Though Jesus was a popular teacher and healer at the end of Mark 1, opposition to his ministry emerges throughout Mark 2 and culminates in plans to kill him in Mark 3:6. Mark 2:1-3:6 contains five “controversy” stories which highlight this emerging opposition.
Jesus forgives sin (thereby committing blasphemy). Jesus eats with sinners (and thus defiles himself). Jesus feasts rather than fast (contrary to the traditions of the elders). Jesus works on the Sabbath (violating the traditions). Jesus heals on the Sabbath (violating the traditions). In each case Jesus crosses boundaries that mark him as an agent of change. The change, of course, is the inbreaking of the kingdom of God.
The final two stories, both centered on the Sabbath, occur in Mark 2:23-3:6. In the first the disciples harvest a crop and prepare a meal. In the second Jesus heals. Both were regarded, by the traditions of the time, as violations of the Sabbath. They were forms of “work.” Later Rabbinic traditions verify such attitudes. And n the first century, contemporary with Jesus, the Qumran community explicitly denied people the option to heal on the Sabbath or help an animal out of a ditch. One could not even draw water from a cistern on the Sabbath at Qumran or eat anything that was not already “in the camp.”
This practice is called “fencing the law.” While the Torah, for example, does not explicitly say one cannot heal on the sabbath or draw water from a cistern, these regulations are put in place in order to distance a person from breaking the law. One does not want to get too close to the line for fear of violating the holy command. Thus, traditions accumulate. Jesus and his disciples violated a couple of those traditions by harvesting and healing on the Sabbath.
Jesus responds on both occasions. Because he is the Son of Man–the eschatological figure that brings the reign of God into the world–he is also Lord of the Sabbath, and Jesus identifies what is most important about the Sabbath. His responses employ a general principle–mercy.
In the first instance, Jesus uses an example from the Hebrew Bible to defend the actions of his disciples. He recalls how David and his companions once “entered the house of God” and “ate the bread of Presence, which is not lawful for any but priests to eat.” David did this because he was hungry and needy. Sharing the forbidden bread was an act of mercy.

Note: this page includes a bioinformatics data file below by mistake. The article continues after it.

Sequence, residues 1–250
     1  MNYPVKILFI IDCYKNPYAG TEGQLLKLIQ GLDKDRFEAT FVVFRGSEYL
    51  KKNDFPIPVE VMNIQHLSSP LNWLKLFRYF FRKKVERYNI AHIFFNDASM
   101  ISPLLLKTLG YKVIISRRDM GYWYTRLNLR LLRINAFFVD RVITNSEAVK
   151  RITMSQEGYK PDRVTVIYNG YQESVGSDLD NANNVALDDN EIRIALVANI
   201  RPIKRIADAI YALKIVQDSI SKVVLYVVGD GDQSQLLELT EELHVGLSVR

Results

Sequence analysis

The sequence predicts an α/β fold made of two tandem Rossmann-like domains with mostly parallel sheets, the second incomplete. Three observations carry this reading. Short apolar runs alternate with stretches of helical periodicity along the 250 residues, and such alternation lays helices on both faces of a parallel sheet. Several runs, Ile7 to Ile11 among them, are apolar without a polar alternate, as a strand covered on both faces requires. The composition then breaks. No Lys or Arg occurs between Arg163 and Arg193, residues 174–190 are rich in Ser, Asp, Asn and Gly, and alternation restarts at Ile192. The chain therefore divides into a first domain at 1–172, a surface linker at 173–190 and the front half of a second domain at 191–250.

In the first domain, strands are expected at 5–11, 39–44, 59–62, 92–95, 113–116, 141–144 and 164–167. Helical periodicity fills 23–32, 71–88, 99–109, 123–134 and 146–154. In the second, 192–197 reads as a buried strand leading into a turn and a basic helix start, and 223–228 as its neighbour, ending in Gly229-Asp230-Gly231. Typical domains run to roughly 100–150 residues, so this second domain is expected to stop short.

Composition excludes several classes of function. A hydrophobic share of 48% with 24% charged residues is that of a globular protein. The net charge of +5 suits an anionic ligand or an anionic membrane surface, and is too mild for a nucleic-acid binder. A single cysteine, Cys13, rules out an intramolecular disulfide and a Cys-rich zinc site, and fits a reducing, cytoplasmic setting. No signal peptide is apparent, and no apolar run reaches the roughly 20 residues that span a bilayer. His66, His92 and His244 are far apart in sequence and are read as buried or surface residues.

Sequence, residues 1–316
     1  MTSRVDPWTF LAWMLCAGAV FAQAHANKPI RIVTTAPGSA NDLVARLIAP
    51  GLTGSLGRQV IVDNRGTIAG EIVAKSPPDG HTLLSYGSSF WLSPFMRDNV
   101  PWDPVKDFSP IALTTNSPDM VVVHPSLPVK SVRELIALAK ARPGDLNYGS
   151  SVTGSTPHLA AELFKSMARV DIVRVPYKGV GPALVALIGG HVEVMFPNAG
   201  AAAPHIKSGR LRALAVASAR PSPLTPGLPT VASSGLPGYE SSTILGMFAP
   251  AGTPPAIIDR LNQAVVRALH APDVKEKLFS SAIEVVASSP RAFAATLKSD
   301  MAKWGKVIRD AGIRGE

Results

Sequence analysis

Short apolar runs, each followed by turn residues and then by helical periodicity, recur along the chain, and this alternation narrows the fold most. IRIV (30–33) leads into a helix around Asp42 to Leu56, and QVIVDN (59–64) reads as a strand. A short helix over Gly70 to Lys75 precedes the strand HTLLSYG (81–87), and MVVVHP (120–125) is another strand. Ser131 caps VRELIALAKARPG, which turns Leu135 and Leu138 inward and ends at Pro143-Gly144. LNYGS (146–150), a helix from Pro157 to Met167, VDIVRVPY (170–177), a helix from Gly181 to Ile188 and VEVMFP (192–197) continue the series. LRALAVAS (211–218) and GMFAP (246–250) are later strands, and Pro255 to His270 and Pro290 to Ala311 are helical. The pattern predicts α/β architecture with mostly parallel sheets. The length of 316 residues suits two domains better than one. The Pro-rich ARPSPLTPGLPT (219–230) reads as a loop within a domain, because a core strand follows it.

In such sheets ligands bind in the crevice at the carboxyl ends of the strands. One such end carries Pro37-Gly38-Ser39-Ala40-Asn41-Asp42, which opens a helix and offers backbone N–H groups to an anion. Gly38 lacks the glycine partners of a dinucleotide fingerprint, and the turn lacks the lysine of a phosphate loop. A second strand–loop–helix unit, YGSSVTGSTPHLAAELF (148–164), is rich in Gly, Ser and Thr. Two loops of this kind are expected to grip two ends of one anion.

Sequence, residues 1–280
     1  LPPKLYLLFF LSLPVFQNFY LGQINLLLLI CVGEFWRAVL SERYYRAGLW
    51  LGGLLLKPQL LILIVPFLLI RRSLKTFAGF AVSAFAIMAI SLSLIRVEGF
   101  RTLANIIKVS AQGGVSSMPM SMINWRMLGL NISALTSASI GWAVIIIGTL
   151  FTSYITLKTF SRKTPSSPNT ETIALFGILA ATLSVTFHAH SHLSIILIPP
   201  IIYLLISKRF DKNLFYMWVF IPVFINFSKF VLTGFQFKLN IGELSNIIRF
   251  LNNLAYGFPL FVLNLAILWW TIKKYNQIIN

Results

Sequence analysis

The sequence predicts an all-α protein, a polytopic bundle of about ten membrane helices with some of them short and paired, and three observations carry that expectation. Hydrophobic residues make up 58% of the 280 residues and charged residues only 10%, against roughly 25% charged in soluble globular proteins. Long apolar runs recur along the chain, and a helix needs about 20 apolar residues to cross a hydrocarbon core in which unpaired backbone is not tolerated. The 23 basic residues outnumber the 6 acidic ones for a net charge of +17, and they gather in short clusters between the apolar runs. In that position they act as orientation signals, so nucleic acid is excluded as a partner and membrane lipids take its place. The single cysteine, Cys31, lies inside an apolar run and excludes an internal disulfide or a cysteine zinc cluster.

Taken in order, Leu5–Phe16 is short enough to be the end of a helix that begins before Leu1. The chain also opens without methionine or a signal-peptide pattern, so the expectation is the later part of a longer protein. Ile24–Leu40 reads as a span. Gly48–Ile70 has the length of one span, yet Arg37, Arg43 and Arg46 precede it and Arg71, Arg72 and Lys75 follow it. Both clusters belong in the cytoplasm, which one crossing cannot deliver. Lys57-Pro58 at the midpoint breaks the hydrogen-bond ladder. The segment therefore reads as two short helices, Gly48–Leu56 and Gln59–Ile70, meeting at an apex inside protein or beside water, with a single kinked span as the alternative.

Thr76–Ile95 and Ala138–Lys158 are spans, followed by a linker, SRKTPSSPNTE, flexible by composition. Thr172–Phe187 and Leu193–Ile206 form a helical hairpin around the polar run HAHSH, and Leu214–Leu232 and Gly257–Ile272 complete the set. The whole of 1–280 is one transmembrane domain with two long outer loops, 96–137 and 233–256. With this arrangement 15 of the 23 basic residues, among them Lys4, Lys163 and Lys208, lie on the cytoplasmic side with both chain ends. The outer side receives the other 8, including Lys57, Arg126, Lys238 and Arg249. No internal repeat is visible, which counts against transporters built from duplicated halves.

In the second instance, Jesus asked a simple question, “Is it lawful to do good, or to do harm on the Sabbath, to save life or to kill?” To “do good” is a Hebraic expression for benevolence or mercy, for charitable acts. With this question, Jesus argues that it always lawful to do good, that is, to show mercy….even if it is on the Sabbath.
Jesus grounds this principle of mercy in relation to the Sabbath with a broad hermeneutical principle: “The Sabbath was made for humanity, and not humanity for the Sabbath.” The Sabbath was a good thing; it was divinely instituted. It served an important and vital function within Israel. However, it was not an end in itself, but a means to an end. The Sabbath served humanity, and it must not be used to obstruct what is good for humanity.
God’s commanded rituals (as, for example, the Sabbath) are intended to serve humanity. They do not rule humanity nor should they ever be used to subvert God’s goal for humanity. Consequently, mercy will always take precedence. Matthew called attention to this in his version of the story–if people truly understood Hosea 6:6 (“I desire mercy and not sacrifice”), then they would not use the Sabbath (or any rituals) in such an obstructionist manner (Matthew 12:1-8). God’s heart lies with mercy rather than sacrifice.
This explains Jesus’ anger. When he asked the question about whether it was lawful to do good on the Sabbath, the Pharisees were silent. To Jesus it was obvious, but the Pharisees were caught in the dilemma of their own traditions and understanding of the law. Jesus was angered by their insensitivity to the Torah’s mercy. Moreover, he grieved their hardness of heart, that is, their inability to see the world through God’s merciful eyes. They could only see the world through their rules.
The Pharisees also responded with anger. They been to conspire with the Herodians to kill Jesus. Herodians were not an official party or sect like the Pharisees, but a loose-knit alliance that supported the Herodian family’s rule of Galilee. Herod Antipas ruled Galilee at this time. Herodians opposed messianic figures and revolutionaries as they supported the Roman power that backed Herod. Consequently, opposition to Jesus made strange bedfellows. Devout oppressed Pharisees joined forces with politically empowered Herodians to kill Jesus.
On the one hand, the religious establishment opposed Jesus because he was a threat to their pious practices. On the other hand, the political establishment opposed Jesus because he was a threat to royal stability. Either way, opposition to Jesus has emerged.
The kingdom of God had broken into the world in the ministry of Jesus. The religious establishment opposed it and the political establishment opposed it. Not much has changed. Practicing the kingdom of God is scandalous.